The Bay County Longbeards, of Panama City, Florida, rallied after hurricane Michael for a record-breaking banquet, raising significant funds for the NWTF.
Prior to Michael’s devastating sweep across the southeastern US in the fall of 2018, Florida’s Panhandle had never experienced a category 5 hurricane.
Michael’s destruction left the Bay Bounty Longbeards reluctant to host the banquet, as morale was low and the venue originally booked for the event was under repair due to severe damage.
“I wouldn’t have thought they would have been able to pull off a banquet that year given the extent of damage and the fact folks were still trying to put their lives back together,” said David Nicholson, NWTF district biologist for Florida and banquet attendee. “The amount of damage and blue tarps on roofs was still evident in the vicinity of the banquet. It was a stark reminder of what these folks endured and continue to deal with, but to know they put that aside to come out and support the Bay County Longbeards was inspiring.”
Despite the large-scale destruction faced in Panama City, interest in the banquet continued to grow, and the Bay County Longbeards pulled off their most successful banquet.
“We raised $32,500 net dollars, recruited or renewed 230 members and had approximately 250 participants,” said Ken Parramore, Bay County Longbeards chairman. “This was our fifth banquet and by far our most successful one.”
While the banquet was largely a success and epitomized a community coming together in the face of tragic circumstances, the damage to wildlife habitat was disastrous. The state forestry department estimates nearly 1.4 million acres of wildlife habitat received severe to catastrophic damage.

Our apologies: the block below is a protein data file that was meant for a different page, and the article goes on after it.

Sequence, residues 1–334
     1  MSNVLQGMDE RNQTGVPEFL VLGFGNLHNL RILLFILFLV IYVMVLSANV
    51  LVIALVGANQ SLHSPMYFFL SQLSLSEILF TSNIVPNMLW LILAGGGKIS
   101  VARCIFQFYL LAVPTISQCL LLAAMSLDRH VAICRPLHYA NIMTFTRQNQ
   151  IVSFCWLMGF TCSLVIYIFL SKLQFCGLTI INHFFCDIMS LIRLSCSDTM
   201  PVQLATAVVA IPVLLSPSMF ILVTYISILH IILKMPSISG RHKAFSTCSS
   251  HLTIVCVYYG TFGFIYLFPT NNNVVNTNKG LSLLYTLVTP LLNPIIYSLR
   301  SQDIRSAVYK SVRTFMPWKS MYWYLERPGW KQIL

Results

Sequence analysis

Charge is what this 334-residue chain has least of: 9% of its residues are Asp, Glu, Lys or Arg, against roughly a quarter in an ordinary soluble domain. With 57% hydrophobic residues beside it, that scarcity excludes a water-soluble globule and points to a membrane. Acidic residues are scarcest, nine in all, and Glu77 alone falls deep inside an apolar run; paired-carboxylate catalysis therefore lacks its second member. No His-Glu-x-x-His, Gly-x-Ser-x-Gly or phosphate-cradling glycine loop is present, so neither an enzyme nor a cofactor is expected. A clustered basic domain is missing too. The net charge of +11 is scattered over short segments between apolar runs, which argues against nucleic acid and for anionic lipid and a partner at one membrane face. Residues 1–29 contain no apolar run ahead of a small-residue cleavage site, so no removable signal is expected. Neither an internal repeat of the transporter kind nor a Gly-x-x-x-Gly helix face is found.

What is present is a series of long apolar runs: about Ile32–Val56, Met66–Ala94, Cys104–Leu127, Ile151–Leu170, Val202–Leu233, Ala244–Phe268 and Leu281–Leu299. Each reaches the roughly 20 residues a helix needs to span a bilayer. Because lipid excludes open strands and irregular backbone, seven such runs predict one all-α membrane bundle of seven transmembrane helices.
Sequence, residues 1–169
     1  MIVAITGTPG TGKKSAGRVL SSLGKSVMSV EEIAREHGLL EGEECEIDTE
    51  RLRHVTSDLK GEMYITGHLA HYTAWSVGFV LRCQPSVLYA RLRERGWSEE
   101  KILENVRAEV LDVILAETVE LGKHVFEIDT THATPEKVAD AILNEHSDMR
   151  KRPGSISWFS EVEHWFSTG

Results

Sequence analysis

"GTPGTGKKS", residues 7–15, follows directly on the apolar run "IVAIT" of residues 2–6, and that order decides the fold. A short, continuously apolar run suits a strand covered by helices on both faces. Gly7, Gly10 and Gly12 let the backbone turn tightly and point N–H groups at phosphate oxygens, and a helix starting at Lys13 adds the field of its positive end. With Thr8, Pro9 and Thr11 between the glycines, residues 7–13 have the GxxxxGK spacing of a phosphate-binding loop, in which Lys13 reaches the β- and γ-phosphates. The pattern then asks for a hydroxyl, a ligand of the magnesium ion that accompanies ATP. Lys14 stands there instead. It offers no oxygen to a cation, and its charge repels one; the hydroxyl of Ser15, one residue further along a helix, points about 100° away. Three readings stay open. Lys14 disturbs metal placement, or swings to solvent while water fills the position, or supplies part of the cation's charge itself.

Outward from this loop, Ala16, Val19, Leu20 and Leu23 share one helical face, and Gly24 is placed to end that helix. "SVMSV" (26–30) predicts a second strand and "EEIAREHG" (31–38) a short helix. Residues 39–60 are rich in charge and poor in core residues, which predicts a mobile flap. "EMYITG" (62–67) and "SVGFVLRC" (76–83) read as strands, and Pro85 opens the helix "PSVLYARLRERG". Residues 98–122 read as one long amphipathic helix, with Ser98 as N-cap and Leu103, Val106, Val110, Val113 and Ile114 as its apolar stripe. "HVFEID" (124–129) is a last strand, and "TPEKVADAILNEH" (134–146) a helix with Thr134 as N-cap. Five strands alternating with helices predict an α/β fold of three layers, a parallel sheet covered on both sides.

“Ongoing efforts are still working to reclaim some of the woods, roads and firebreaks for accessibility and wildfire mitigation. Federal disaster funding is just now becoming available for some of the work, and the cost of clearing downed tree debris is expensive. It will take time before reforestation and habitat restoration will even be possible,” said Nicholson.
While it may be easy to cast Michael’s devastation as an incident of last year, the teams in Florida, including the NWTF, are still trying to gain access to the damaged habitat areas and assess the severity.
“We will be working with our partners in the future to assist with restoration where and when applicable. I have already spoken with the Northwest Florida Water Management District about a partnership for restoration. At this point they are still trying to put together a plan for how to tackle the monumental task ahead,” Nicholson said.